Parenting

Career Education: Does Not Mean the 6 Year College Plan


Researching career education uncovered the following shocking statistic: The average college student takes 5.3 years to earn a 4-year Bachelor's degree. Other data included that college retention is mediocre at best with a national average around 50%. In Indiana, research reveals that for every 100 ninth grade students, only 21 will graduate with a bachelor's degree within 6 years. Read more about this disturbing trend and a viable solution at www.processspecialist.com/youth.htm

How Much More for the 6-Year Plan?

Depending upon the state and the type of post-secondary institution such as private or state, the 6 year plan can increase college costs anywhere from $5,000 to $70,000 using data from the U.S. Department of Education for the 2002-03 academic year. Avoiding the 6-year plan really makes sense, as these costs do not include books, additional fees, and any other supplemental expenses.

Why Has This Happened?

There are several key reasons for this national and state trend. First, many young people do not know what their desired major is. With a curriculum that is a mile wide and an inch deep, young people may not have the school time to adequately explore their interests.

Second, many young people do not plan for the challenges that they will be experiencing. In a survey revealed that both college freshman and sophomores did not realize that their coursework was remedial and did not count towards their degrees. Another recent survey from the National Governors Association (NGA) confirms that young people believe that they are unprepared for the demands of college and work in the 21st Century. Ignorance is very expensive.

Third, these same young people lack self-control, self-leadership, self-discipline, self-responsibility and time management. These young adults have been conditioned to have someone else assume all responsibilities. Unfortunately, another recent report revealed that high school counselors were not candid in their discussions with students about the students' college preparation or lack thereof. An interesting side note is that these interpersonal skills or what some call job-readiness skills are the same desirable skills that employers are seeking and cannot find in college graduates.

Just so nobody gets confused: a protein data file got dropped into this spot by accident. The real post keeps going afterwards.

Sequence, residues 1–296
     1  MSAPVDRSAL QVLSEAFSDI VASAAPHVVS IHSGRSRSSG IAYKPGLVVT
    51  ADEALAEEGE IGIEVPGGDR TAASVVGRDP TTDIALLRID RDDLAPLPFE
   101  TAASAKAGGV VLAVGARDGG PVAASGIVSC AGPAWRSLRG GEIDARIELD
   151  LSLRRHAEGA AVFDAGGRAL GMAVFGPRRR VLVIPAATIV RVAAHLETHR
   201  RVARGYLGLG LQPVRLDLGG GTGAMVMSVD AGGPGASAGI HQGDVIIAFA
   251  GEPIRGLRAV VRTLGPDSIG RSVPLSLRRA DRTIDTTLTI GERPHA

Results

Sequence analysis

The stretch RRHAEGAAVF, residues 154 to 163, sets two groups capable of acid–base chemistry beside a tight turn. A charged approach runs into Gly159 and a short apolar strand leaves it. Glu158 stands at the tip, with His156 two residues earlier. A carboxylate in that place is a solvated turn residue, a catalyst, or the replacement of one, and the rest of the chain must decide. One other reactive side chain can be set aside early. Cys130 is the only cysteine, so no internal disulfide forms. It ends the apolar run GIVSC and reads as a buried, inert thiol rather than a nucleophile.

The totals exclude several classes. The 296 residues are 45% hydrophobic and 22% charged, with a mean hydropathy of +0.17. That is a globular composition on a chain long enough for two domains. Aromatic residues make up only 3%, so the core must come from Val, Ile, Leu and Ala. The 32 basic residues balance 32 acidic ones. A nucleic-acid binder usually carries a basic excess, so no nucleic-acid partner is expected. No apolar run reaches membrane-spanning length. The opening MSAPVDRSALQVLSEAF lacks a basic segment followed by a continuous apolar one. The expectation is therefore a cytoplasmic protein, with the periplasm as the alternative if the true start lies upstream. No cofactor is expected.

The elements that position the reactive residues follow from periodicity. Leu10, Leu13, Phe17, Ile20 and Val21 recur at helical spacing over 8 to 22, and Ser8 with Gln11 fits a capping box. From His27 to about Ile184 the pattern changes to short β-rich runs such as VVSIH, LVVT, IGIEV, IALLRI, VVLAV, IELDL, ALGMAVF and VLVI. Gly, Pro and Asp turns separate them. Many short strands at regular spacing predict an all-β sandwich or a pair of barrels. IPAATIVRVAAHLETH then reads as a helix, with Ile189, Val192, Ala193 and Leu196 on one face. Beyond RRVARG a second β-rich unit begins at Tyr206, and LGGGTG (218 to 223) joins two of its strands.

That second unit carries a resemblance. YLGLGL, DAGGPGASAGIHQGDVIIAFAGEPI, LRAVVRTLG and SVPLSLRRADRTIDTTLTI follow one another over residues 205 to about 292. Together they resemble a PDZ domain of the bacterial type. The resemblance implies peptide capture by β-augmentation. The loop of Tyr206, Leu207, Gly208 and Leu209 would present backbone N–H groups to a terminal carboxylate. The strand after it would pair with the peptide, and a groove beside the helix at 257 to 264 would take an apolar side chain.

What Can You as a Parent Do?

Recognize that the current solutions will not work as most of these are externally driven. Common sense tells us that we can't change anyone. Seek an inside-out solution where your daughter or son internalizes the necessary positive attitudes and inter-personal skills through a proven goal achievement action plan. By working with the necessary positive attitudes, integrating new skills and knowledge such as goal achievement, time management and effective communication, your son or daughter will begin to plan their 4-year college future because you have set the expectations and provided the tool to turn their potential into performance.

If you choose not to take action, then consider these two questions:

Do you really wish to spend an additional $5,000 to $70,000?

And more importantly,

What other needs do you have for that money?

Leanne Hoagland-Smith, M.S. President of ADVANCED SYSTEMS, is the Process Specialist. With over 25 years of business and education experience, she builds peace and abundance by connecting the 3P's of Passion, Purpose and Performance through process improvement. She is one of the first national certified facilitators for America's Rising Stars and includes this tool to create positive ROI driven results for youth in grades 6th-14th, parents, teachers and schools both private and public. Leanne believes we need to stop setting our young people up for failure. As co-author of M.A.G.I.C.A.L. Potential:Living an Amazing Life Beyond Purpose to Achievement (June 2005 release), she speaks nationally to a variety of audiences. Contact Leanne at 219.759.5601 or leanne@processspecialist.com if you are seeking amazing results.

Copyright 2005 Leanne Hoagland-Smith, http://www.processspecialist.com

Permission to publish this article, electronically or in print, as long as the bylines are included, with a live link, and the article is not changed in any way (grammatical corrections accepted).


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